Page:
despatch of family letters which had been One morning two letters were placed upon sent to James, with some cake to school, the breakfast-table at Mr. Keen's house, and he had written a friendly note, informing it was observed by the children, who knew him, that owing to the kindness of the surthe postman's welcome “ tat-tat,” that one geon, he had been allowed for a time to take of them was in the handwriting of their up his residence in James's home. Frank brother, James Keen, the eldest of the sur- was also aware that further information geon's family. They detected also that it with reference to the circumstances which bore the post-mark of Rochester, where the had caused him to become an inmate of youth alluded to was at school.

Mr. Keen's house had been despatched by In those days of expensive postage, when Isabel at the same time. The breakfast letters were a luxury only to be enjoyed by having been concluded, the surgeon opened the wealthy, or by the friends of members the letters and glanced over them; of Parliament (who could "frank" the en- while he did so his face underwent a change, velopes), the receipt of a communication in which surprise appeared to be a promifrom a friend was an event of some impor- nent expression. He then, to the distance, and was thought the more of on appointment of the children, handed them account of the rarity of its occurrence. over in significant silence to his wife, What miseries did not the system entail on whose curiosity was not a little excited by those who were already suffering! The her husband's manner and his deviation widowed mother, longing to hear from the from his usual custom. In a few minutes son upon whom her support depended, yet afterwards, the surgeon and his wife left the denied the welcome document, being too table, requesting Frank to follow them to poor to pay the postage: the daughter un- the “consulting room," as the apartment able, from the same cause, to possess her- connected with the surgery was called. self of the epistle which informed her of The children's wonder and anxiety were her father's illness, or her mother's death, still further excited when the servant was

but

seen to take Frank's little coat and hat horses, and late in the afternoon before

mbet from the hall, and carry them to the room they arrived in the straggling, but once where he was closeted with their father and important city of Rochester.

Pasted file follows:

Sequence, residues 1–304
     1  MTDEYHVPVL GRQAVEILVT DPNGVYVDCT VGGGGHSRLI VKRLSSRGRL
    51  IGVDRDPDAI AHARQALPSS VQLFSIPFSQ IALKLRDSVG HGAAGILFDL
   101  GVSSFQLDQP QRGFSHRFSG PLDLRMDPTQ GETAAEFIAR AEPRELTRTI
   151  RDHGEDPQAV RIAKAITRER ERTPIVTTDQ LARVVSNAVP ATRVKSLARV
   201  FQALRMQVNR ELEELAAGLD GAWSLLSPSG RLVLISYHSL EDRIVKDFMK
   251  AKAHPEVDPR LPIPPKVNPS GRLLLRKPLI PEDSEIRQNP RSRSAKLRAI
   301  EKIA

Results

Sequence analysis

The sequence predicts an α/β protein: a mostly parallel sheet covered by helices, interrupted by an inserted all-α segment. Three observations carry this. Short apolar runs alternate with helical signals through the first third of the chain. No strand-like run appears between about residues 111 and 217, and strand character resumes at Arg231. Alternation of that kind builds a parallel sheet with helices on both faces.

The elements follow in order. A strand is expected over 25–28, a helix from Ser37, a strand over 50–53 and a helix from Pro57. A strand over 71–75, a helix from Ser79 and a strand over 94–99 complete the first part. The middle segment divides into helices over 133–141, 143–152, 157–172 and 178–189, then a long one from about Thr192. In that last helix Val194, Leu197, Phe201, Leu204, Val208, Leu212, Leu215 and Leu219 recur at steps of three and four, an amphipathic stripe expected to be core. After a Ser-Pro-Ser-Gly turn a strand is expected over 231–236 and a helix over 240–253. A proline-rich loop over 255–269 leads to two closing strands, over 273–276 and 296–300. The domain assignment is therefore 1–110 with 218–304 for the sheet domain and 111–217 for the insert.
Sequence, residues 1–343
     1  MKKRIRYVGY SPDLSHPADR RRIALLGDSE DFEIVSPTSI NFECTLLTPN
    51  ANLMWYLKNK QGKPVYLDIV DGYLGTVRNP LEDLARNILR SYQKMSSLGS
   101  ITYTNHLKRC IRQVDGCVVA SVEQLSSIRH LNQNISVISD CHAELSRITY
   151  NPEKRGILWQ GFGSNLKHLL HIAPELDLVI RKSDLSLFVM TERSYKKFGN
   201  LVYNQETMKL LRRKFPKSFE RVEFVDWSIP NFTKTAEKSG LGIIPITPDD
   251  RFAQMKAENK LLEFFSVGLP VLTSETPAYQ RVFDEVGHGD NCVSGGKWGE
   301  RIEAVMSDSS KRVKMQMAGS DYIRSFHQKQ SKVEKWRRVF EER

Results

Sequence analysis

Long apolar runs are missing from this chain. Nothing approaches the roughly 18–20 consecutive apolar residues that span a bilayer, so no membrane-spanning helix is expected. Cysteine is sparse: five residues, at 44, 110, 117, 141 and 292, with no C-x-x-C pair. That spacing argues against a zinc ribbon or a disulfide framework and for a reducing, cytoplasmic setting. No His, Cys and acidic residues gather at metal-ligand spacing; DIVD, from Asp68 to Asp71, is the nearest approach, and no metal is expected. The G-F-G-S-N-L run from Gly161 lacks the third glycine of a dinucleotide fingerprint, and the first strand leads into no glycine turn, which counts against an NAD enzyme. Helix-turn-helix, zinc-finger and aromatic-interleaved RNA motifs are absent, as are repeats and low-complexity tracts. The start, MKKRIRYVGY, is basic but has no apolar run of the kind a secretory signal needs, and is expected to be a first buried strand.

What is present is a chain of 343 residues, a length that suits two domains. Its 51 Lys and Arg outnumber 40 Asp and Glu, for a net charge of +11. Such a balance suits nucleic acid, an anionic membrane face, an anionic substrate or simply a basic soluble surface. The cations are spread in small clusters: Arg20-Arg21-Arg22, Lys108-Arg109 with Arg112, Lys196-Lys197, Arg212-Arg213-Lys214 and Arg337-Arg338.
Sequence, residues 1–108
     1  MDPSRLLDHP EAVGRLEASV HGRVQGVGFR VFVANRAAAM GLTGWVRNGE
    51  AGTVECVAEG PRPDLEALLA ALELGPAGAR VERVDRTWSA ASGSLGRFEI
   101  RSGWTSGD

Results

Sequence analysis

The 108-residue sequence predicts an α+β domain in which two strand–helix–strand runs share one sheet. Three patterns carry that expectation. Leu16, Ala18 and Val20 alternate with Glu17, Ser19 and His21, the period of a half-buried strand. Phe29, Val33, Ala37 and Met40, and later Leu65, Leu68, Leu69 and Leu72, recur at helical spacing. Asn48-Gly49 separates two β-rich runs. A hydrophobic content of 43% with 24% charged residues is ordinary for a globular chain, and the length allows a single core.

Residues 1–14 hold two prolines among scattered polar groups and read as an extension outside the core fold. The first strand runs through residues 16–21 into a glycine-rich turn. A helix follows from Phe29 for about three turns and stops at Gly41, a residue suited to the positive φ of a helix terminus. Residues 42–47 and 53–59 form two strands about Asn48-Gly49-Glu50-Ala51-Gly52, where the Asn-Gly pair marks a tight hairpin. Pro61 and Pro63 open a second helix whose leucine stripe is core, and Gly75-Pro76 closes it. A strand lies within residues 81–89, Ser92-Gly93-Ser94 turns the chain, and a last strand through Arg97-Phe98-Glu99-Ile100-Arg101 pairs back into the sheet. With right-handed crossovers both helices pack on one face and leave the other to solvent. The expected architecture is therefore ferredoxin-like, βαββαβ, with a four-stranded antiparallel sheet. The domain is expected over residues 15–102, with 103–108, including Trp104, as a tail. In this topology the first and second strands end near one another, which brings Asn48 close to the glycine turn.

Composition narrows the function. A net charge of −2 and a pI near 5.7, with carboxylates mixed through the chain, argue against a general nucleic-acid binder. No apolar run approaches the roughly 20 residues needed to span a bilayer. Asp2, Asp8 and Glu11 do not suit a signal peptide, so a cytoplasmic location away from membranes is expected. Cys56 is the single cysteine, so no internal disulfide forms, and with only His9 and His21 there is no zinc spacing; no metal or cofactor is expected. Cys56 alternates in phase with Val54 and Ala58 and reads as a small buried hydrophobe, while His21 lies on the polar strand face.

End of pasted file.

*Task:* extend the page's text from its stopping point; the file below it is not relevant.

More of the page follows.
On the way mother. Their fears that Frank was going down, Frank and his friendly guardian had to be sent away increased when they saw a few opportunities for conversation, as it hackney-coach drive to the door; but these was not deemed prudent by the latter to were again dispelled when Frank, clothed allude in any manner to the objects of their in travelling attire, came running out to journey in the presenae: of strangers. The kiss his little friends, and said that he was surgeon, on alighting at the hotel, inquired going to see Jaines, and should be back if they could have private apartments, and again the next evening, he believed. After being answered in the affirmative, ordered many loving and affectionate messages had dinner, and then retired to his bedroom to been given to him, Mr. Keen hurried the remove the chalky dust of the roads, which boy away, saying that he feared that they had completely whitened the travellers. would be too late for the coach which they Important events were passing elsehad to meet; and in a minute afterwards, where. Not in the horizon of Frank's away rolled the vehicle, leaving Isabel and prospects only did clouds collect, and Philip staring from the door, as if their look portentous; but while to him a steady foster-brother had been stolen from them faith gave firm assurance that those vaby some enchantment. Frank leaned out pourous masses would break into refreshof the window and waved a handkerchief, ing showers for the earth, even though till the carriage turned a corner, and thus accompanied by tempest, to some others excluded his young friends from view. they were charged with a gloomy uncer